An authentically positive environment cannot exist without inclusivity. The moment that anyone feels excluded or marginalized, negativity creeps in and taints the experience of those affected. Whether in friendships, clubs or schools, there are many benefits of creating an inclusive environment. With this in mind, here come a few tips!
Help everyone to feel respected
In a fully inclusive environment, every individual is respected and feels that respect within the group. In a school group setting, for example, there will always be the children who are very confident, with lots to say. Then, there will be those who are more reserved and who feel much less comfortable to speak out. Of course, there will be instances whereby these are mere issues of personality, or engagement in a topic. However, it’s not uncommon for those who feel excluded to become timid within a group setting.
Individuals may come to feel marginalized for any number of reasons. It may be due to worrying about a perceived difference which they feel they have in this group. It may even be due to bullying. Whatever the reason, it’s essential to implement a strong anti-bullying policy and to find techniques that help all individuals to feel equal and respected within any group.
Create opportunities for all to be heard
The key is to ensure that everyone is heard and treated equally. Each individual should be given the same amount of time to contribute. During debate or discussion, this could be achieved by using a fun object (like a fake microphone)! Tell the group that the person who is holding the microphone will have their turn to speak, and everyone must listen without interruption. Set a few simple ground rules to help encourage mutual respect, for instance:
- In a debate, use kind words even when you don’t agree with someone’s opinion, ‘I respect your opinion; however, I think…’ Or, ‘It’s interesting you feel like that, but what about…’ etc.
- Always pass the microphone to someone who hasn’t spoken yet, or who has spoken the least so far.
- Instead of just choosing a friend, choose someone else. Choose someone different from you to learn something new.
Provide positive role models
Providing positive role models is an excellent way to foster an inclusive environment. Such role models can come in real life, for example, in teachers or special visitors to the school. Role models can also be found in the form of books. When children read books, they can improve their empathy by discovering individuals who are entirely different from them. The spaces where we learn from one another occurs through our differences in particular. Within books, children can find diverse characters who they may never have got the chance to meet in real life. With higher levels of empathy, a fully inclusive environment is far more likely. Book characters can teach children the values of kindness, compassion and even resilience.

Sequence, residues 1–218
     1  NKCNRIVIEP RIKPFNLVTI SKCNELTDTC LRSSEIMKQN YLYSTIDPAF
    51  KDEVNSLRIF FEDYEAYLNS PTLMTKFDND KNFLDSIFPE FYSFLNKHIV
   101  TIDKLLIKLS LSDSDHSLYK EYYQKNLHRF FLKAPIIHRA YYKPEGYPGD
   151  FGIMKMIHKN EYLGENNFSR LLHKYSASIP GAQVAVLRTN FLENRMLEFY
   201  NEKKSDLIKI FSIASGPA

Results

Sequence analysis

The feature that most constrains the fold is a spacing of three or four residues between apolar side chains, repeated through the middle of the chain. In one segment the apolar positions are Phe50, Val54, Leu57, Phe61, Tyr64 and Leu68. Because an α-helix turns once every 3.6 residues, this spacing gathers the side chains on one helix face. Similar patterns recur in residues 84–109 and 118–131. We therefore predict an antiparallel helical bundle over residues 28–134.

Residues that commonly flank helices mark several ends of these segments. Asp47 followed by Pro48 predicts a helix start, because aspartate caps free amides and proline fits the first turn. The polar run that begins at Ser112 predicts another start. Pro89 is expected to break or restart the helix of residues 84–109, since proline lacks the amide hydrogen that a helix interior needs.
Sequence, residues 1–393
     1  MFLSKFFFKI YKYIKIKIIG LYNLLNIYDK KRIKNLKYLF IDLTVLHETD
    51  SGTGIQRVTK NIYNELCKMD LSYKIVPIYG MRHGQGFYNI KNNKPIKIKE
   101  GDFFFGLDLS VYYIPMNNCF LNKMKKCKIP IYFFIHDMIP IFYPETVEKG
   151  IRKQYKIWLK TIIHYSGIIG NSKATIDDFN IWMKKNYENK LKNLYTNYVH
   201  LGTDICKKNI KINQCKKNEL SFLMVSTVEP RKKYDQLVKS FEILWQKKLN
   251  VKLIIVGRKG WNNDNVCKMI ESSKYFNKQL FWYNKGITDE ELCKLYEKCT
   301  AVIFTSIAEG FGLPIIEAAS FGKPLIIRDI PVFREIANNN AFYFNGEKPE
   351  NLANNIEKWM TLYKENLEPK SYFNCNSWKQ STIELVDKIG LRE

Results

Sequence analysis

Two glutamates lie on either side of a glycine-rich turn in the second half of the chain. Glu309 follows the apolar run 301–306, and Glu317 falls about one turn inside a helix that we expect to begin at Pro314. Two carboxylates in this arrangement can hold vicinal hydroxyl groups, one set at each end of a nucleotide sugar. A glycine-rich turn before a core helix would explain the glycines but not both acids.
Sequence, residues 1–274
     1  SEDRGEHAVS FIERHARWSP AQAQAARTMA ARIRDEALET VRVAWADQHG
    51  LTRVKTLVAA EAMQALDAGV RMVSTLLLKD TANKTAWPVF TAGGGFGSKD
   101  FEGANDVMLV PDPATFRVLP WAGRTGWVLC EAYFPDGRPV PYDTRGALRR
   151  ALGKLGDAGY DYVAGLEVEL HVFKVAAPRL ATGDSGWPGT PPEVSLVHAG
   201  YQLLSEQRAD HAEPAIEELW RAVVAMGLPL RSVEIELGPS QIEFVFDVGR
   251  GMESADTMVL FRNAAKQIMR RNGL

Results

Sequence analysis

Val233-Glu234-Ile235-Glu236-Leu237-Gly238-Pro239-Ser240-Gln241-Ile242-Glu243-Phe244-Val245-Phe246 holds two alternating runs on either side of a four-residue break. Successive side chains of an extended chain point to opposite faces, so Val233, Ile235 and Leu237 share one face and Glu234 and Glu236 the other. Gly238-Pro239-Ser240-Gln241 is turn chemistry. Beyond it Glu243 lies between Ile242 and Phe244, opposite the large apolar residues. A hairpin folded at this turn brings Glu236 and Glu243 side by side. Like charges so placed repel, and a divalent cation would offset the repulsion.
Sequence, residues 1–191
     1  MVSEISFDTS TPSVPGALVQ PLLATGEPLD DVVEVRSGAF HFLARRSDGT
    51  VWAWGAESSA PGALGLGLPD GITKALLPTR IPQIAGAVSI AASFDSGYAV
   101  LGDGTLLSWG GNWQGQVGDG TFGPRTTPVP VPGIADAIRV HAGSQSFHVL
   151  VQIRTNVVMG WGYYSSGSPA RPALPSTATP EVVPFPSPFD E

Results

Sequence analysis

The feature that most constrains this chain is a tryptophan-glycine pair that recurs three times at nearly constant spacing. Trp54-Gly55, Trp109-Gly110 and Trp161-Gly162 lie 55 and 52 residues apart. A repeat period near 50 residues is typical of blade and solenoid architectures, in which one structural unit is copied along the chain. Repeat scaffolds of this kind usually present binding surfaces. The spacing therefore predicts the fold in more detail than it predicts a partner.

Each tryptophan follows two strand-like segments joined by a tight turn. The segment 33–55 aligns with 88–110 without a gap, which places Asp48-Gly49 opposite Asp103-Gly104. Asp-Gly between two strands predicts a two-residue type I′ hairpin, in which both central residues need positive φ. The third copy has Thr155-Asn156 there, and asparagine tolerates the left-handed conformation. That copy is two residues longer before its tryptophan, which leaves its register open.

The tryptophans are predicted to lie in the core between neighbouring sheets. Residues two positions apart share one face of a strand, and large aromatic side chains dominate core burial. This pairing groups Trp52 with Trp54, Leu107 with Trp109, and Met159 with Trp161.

Book Clubs In Schools
We believe that an inclusive environment is essential for positivity and learning. There is no room for discrimination of any kind; everyone has a chance to take part in our weekly book club. Students always take turns speaking and listening to one another, respectfully. Our clubs are based on a peer-to-peer mentoring programme led by older children. All the children involved get the chance to develop new perspectives and gain new skills.
There are no right or wrong answers; the debate is important and a welcomed part of the discussion. Our clubs teach children how to engage in debate while valuing each other’s opinions. Such skills allow children to build a solid understanding of inclusivity that they take with them into the different areas of their lives.
By Gemma Campbell